6. Big oil companies like BP, not farmers, are the biggest winners. “As one of the largest blenders and marketers of biofuels in the nation,” BP brags on its website, “we blended over 1 billion gallons of ethanol with gasoline in 2008 alone.”12 In 2008 the tax credit was 51 cents per gallon, so that would have netted BP a $510 million windfall. BP’s take is probably even bigger now, but the IRS won’t tell you who’s making how much from this $6-billion-a-year program. The people making money from producing ethanol are increasingly big corporations. In 2005, 49 percent of U.S. ethanol plants were farmer-owned; today, the figure is just 19 percent.13 So who are the real winners?
7. Ethanol’s environmental benefits are dubious at best. Ethanol has been touted as a “green” fuel, but the evidence is sketchy. The GAO cited several researchers who found that when you factor in indirect land use changes, such as the clearing of forests for additional production because existing corn is being diverted to make fuel, ethanol results in more greenhouse gas emissions than gasoline.14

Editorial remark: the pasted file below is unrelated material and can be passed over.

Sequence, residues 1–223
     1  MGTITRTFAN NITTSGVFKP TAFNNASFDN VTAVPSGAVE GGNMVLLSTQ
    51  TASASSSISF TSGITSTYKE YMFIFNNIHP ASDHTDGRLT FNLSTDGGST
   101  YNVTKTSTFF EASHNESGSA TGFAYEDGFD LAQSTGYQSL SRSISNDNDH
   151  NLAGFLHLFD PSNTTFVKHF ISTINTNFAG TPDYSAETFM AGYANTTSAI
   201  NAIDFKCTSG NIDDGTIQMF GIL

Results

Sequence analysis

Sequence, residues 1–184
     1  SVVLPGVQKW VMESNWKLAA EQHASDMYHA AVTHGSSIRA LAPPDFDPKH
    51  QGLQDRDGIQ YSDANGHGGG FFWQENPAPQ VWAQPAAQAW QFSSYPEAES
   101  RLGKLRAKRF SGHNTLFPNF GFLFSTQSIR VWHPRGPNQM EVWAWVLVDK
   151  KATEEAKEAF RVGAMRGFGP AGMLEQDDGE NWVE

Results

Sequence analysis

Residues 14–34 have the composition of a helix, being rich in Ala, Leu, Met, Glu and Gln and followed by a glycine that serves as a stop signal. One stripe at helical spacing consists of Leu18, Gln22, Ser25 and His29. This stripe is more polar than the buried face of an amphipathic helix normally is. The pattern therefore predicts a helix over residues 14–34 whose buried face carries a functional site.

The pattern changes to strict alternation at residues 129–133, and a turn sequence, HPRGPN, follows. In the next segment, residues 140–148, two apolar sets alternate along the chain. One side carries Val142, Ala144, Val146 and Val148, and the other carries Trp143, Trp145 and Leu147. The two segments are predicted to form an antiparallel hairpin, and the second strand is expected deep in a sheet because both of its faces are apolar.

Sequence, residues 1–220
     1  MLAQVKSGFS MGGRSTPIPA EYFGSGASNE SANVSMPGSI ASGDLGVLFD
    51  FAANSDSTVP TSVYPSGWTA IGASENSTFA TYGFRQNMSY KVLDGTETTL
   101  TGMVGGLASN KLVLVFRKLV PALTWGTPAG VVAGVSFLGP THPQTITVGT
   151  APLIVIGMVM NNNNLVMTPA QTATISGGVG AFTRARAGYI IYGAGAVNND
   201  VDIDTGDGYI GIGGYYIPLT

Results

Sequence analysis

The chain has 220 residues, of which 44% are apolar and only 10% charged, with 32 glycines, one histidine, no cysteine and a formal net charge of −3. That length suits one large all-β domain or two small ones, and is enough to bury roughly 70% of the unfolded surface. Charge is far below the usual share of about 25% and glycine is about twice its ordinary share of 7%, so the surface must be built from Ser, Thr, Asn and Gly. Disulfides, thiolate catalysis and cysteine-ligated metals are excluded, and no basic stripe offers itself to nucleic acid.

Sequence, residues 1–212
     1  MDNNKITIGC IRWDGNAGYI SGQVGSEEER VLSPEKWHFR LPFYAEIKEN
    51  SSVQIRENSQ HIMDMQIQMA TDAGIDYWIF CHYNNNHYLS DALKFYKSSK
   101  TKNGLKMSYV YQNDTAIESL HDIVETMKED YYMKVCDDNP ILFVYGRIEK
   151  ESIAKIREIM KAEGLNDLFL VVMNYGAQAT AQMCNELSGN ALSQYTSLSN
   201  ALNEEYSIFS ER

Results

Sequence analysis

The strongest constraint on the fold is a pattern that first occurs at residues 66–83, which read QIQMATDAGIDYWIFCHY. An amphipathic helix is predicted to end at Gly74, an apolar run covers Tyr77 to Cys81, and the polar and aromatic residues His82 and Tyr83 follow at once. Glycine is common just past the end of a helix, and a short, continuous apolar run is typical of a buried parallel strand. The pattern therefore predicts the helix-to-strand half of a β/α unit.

8. Wildlife habitat is being converted to grow corn. The National Wildlife Federation (NWF) reported this year that the corn ethanol gold rush has been responsible for plowing up thousands of acres of pristine wildlife habitat (and prime carbon sequestration vegetation) and converting it to corn production. NWF’s Jan. 13 document concluded: “Our research shows that native grassland is being converted into cropland at an alarming rate throughout the Prairie Pothole Region… as a result, populations of sensitive wildlife species are declining significantly in areas with high increases in corn plantings.”15 16